Commentary Magazine


Topic: State University of New York

The Pension Tsunami

Well, it’s now official. The New York Times has a story this morning, front page, above the fold, entitled “Padded Pensions Add to New York Fiscal Woes.” So the bloated wages and benefits of public employees are now a certified political issue for the 2010 election. If they’re smart, Republicans will grab it and run with it for all they’re worth.

The Times story details some anecdotal doozies, such as the Yonkers policeman whose base pay in his final year was about $74,000. He retired at age 44 and now, at the ripe old age of 47, is collecting a pension of $101,333 a year. Just to add insult to injury, his pension is exempt from state and local income taxes. The retired head of the New York State teachers’ pension fund has a pension of his own of $261,037 from that state job. He collects it even though he now has another state job as president of the State University of New York at Albany, earning $280,000.

But beyond the isolated horror stories, the problem is systemic and not just for pensions, as the Times makes it clear:

By tradition, public employees have said they accepted lower salaries in exchange for better benefits, but the Census data show this has not been true for a number of years. In 2008 the median pay for a worker in the private sector was $39,877, compared with $45,124 for a state or local employee.

Mortimer Zuckerman, of U.S. News and World Report, has a piece in the Wall Street Journal explaining the basic cause of this gathering financial tsunami and why it is a golden opportunity for the Republicans, who owe the public-employees’ unions no favors:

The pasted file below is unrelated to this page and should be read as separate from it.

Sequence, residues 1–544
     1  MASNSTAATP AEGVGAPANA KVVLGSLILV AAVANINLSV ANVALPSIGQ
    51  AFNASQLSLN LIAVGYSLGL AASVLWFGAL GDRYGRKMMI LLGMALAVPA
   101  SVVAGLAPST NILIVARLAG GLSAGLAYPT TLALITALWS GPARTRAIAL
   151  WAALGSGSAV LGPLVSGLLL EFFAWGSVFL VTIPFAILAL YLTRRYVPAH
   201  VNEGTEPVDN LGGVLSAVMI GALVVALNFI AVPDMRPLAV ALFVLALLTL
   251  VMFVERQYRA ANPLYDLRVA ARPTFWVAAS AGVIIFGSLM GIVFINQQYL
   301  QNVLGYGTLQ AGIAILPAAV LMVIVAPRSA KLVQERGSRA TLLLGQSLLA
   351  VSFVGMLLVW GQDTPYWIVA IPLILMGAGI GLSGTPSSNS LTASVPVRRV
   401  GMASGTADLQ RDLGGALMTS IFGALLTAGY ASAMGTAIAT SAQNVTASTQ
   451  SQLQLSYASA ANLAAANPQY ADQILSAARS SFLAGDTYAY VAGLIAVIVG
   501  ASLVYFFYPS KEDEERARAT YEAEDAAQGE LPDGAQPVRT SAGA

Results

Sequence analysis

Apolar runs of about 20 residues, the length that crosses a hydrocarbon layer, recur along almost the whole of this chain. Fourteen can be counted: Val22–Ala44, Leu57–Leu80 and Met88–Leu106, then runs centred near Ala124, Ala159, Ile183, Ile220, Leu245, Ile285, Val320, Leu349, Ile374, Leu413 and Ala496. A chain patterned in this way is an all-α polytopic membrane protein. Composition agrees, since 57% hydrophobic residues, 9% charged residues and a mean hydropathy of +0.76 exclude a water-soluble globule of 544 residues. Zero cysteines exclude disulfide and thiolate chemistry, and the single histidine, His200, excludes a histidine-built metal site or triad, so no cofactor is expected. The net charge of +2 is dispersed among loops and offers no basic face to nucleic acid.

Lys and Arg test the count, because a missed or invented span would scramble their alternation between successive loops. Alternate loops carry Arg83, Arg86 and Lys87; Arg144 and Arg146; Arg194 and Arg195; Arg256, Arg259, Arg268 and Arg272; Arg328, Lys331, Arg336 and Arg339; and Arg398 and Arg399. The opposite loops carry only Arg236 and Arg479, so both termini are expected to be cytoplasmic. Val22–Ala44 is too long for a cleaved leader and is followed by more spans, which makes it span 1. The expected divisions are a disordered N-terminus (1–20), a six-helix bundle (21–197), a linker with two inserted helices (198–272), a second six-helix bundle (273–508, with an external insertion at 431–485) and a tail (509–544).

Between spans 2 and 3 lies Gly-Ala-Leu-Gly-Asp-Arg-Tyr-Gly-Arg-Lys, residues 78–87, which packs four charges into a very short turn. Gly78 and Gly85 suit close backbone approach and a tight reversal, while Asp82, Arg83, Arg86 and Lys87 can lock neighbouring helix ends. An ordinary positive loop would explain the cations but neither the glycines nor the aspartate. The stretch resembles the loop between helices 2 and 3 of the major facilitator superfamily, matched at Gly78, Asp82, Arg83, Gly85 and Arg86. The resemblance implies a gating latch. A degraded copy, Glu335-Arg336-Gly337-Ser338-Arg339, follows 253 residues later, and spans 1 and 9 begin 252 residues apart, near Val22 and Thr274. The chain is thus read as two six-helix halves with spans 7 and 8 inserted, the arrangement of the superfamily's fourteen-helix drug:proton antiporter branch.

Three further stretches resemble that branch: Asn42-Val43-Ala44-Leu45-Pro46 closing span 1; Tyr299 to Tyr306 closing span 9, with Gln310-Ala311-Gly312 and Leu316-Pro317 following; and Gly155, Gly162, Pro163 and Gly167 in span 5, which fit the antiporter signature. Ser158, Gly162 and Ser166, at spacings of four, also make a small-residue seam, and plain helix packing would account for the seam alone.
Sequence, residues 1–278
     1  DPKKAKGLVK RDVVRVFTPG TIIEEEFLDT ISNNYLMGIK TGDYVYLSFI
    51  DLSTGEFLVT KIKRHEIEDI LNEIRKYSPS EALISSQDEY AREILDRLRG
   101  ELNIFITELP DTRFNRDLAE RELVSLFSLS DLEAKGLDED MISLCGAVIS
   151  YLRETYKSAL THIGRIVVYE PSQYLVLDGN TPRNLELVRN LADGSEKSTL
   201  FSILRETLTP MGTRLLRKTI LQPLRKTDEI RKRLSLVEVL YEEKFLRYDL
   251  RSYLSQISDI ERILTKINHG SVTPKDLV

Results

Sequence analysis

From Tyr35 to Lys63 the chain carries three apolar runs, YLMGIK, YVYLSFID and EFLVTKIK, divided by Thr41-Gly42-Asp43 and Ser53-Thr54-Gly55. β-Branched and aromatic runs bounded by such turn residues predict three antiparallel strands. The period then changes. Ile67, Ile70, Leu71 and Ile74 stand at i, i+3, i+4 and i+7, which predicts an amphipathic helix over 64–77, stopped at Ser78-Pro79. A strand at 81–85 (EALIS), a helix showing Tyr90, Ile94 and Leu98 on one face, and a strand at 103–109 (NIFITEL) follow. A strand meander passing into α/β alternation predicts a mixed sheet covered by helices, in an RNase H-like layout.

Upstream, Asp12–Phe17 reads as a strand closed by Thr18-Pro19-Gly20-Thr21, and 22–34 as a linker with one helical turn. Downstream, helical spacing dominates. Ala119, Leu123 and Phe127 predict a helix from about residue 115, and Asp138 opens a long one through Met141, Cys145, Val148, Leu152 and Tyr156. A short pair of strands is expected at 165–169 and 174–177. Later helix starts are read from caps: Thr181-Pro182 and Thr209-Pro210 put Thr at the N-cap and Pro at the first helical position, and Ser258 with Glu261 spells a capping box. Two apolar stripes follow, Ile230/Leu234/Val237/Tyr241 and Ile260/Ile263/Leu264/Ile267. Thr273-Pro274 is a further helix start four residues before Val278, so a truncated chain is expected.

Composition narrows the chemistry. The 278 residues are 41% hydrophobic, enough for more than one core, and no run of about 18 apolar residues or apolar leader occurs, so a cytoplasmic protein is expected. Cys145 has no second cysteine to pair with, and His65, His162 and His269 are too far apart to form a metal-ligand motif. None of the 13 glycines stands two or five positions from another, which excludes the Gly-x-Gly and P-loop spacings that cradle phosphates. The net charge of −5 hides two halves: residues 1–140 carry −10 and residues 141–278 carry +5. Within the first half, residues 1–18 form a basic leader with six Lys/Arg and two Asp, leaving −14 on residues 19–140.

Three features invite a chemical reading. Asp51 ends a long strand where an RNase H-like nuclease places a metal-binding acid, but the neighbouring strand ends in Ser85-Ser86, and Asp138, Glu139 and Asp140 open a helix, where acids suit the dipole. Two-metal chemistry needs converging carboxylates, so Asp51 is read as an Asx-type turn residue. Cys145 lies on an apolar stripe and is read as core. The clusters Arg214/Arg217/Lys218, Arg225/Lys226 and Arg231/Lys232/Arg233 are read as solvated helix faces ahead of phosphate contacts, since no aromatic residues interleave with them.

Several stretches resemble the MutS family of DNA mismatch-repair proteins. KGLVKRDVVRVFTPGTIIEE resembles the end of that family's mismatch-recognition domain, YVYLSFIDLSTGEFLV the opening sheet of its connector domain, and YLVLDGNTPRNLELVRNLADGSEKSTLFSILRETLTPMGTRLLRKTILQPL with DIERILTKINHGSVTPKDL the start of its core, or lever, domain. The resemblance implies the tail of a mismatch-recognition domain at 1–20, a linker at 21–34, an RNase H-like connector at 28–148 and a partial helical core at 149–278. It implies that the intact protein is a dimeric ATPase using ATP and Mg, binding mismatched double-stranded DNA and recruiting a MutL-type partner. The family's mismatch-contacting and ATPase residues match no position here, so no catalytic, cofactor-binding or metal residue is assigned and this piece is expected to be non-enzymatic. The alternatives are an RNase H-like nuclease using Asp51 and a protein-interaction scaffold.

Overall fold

Public unions organize voting campaigns for politicians who, on election, repay their benefactors by approving salaries and benefits for the public sector, irrespective of whether they are sustainable. And what is happening in California is happening in slower motion in the rest of the country. It’s no doubt one of the reasons the Pew Research Center this year reported that support for labor unions generally has plummeted “amid growing public skepticism about unions’ power and purpose.”

Well, it’s now official. The New York Times has a story this morning, front page, above the fold, entitled “Padded Pensions Add to New York Fiscal Woes.” So the bloated wages and benefits of public employees are now a certified political issue for the 2010 election. If they’re smart, Republicans will grab it and run with it for all they’re worth.

The Times story details some anecdotal doozies, such as the Yonkers policeman whose base pay in his final year was about $74,000. He retired at age 44 and now, at the ripe old age of 47, is collecting a pension of $101,333 a year. Just to add insult to injury, his pension is exempt from state and local income taxes. The retired head of the New York State teachers’ pension fund has a pension of his own of $261,037 from that state job. He collects it even though he now has another state job as president of the State University of New York at Albany, earning $280,000.

But beyond the isolated horror stories, the problem is systemic and not just for pensions, as the Times makes it clear:

By tradition, public employees have said they accepted lower salaries in exchange for better benefits, but the Census data show this has not been true for a number of years. In 2008 the median pay for a worker in the private sector was $39,877, compared with $45,124 for a state or local employee.